- the staff member must continue to comply with all relevant infection control precautions and person protective equipment (PPE) must be worn properly throughout the day.
- on days the staff member is working, the LFD test should be taken prior to beginning their shift, as close as possible to the start time.
The staff member should resume twice-weekly asymptomatic LFD testing when they return to work.
If the day 5 LFD test is positive, staff should continue daily testing until they have two negative LFD tests, taken 24 hours apart. If the test result is still positive on the 10th day, staff should discuss this with their line manager who may undertake a risk assessment.
A positive LFD test within 90 days of a prior positive COVID-19 test means staff members should follow the guidance outlined above for a positive test again, unless a clinical risk assessment suggests that a re-infection is unlikely.
If they have been admitted to hospital they should be isolated in hospital (or continue to self-isolate on discharge) for 10 days from the onset of symptoms or their first positive PCR test result if they do not have symptoms, provided the clinical criteria below are met.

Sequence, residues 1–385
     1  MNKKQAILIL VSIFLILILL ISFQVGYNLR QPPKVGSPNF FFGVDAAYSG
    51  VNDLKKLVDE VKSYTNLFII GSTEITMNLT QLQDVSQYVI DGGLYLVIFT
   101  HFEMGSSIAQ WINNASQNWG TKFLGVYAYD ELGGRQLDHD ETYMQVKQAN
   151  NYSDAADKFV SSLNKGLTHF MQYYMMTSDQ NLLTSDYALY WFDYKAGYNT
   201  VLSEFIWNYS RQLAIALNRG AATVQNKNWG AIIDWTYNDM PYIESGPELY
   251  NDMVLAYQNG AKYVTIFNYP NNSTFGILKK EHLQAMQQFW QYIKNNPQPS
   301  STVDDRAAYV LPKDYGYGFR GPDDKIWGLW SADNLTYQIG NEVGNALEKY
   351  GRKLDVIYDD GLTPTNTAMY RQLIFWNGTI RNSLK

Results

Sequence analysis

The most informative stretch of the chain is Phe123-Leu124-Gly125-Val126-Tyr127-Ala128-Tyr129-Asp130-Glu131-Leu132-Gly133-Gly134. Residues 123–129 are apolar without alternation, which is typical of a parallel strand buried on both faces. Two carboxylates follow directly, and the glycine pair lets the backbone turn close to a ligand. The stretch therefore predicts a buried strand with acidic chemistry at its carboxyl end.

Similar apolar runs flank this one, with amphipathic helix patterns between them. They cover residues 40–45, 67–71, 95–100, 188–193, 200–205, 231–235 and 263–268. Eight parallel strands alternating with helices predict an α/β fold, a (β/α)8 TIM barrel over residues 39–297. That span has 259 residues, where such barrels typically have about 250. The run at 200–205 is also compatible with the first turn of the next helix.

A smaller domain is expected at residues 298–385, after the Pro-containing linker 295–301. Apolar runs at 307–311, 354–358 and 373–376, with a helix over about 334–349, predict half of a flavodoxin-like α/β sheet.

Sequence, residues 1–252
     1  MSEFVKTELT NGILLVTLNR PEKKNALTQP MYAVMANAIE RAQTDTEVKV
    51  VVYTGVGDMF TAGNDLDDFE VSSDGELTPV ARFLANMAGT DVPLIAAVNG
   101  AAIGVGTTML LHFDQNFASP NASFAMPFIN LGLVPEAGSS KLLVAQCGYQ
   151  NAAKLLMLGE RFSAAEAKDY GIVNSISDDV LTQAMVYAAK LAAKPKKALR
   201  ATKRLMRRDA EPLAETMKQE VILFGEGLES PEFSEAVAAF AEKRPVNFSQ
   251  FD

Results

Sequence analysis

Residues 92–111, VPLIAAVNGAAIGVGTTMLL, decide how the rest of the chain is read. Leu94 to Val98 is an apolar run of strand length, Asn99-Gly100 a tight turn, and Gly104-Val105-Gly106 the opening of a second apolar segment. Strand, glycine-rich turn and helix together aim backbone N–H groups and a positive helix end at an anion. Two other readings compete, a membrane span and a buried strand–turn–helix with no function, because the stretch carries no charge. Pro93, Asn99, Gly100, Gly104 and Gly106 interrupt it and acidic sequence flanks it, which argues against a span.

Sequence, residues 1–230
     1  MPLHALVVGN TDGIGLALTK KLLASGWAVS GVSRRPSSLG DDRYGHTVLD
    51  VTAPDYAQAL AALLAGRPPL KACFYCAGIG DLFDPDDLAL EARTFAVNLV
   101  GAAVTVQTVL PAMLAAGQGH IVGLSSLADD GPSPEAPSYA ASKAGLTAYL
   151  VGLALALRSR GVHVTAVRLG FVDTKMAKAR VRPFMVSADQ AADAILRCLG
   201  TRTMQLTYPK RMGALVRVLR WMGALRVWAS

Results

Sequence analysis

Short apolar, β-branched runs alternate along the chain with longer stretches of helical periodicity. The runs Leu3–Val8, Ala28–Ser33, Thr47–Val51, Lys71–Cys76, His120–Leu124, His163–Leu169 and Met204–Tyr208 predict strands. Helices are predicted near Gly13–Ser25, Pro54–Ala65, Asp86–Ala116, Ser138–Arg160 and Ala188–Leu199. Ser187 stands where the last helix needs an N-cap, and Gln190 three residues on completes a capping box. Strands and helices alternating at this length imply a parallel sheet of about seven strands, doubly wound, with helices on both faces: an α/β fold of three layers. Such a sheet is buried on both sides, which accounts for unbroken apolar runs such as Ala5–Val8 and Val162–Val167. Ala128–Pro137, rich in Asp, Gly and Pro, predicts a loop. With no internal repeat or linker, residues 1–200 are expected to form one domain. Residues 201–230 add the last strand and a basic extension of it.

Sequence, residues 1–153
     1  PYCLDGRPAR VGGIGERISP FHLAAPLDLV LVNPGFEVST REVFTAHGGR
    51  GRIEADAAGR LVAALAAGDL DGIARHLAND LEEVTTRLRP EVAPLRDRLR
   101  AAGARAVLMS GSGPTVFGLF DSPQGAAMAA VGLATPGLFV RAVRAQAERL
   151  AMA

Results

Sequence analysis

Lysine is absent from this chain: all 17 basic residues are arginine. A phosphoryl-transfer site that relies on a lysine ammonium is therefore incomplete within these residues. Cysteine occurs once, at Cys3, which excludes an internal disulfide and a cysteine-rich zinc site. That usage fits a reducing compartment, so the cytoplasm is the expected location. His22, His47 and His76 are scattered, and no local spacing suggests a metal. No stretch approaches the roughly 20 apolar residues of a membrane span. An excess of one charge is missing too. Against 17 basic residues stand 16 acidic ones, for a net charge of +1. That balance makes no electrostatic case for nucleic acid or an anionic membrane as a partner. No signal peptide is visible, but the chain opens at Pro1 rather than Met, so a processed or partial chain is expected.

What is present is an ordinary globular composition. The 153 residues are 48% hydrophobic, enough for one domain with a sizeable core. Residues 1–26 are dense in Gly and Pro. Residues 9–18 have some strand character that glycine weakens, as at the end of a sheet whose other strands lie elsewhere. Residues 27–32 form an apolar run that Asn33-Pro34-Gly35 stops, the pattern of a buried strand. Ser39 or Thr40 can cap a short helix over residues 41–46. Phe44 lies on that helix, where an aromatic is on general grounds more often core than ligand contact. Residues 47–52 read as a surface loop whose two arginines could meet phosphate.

- clinical improvement with at least some respiratory recovery
- absence of fever (temperature greater than 37.8°C) for 48 hours without the use of medication
- no underlying severe immunosuppression
Immunocompetent and severely immunocompromised staff who have been hospitalised will follow the same procedures and protocols as other (non-staff) COVID-19 cases, as identified in the patients section above.
Patient-facing healthcare staff who are identified as a close contact should continue with twice-weekly asymptomatic testing. It can take up to 10 days for an infection to develop.
Staff who are identified as a household or overnight contact of someone who has had a positive COVID-19 test result should discuss ways to minimise risk of onwards transmission with their line manager.
This may include:
- redeployment to lower risk areas for patient-facing staff, especially if they work with patients whose immune system means that they are at higher risk
- immune limiting close contact with other people, especially in enclosed or poorly ventilated spaces
- working from home (non-patient-facing staff)
Staff should comply rigorously with all relevant infection control precautions.
Patient-facing staff in all NHS Trusts (hospital, mental health/community and ambulance trusts) are strongly encouraged to undertake weekly tests for Covid-19. Lateral flow tests are now the primary method for weekly asymptomatic testing and are done twice a week. Staff must order their own lateral flow test kits online using the Gov.UK testing portal.
There are several LFD test kits available and they may be nose and throat swabs or nose only. The different kits require varying processes and process times (ranging from 15 to 30 minutes). Staff should ensure they read the instuctions of any kits they are unfamiliar with.
Asymptomatic testing should be resumed 48 hours after an LFD test taken because staff feel unwell or have symptoms of a respiratory infection, including COVID-19.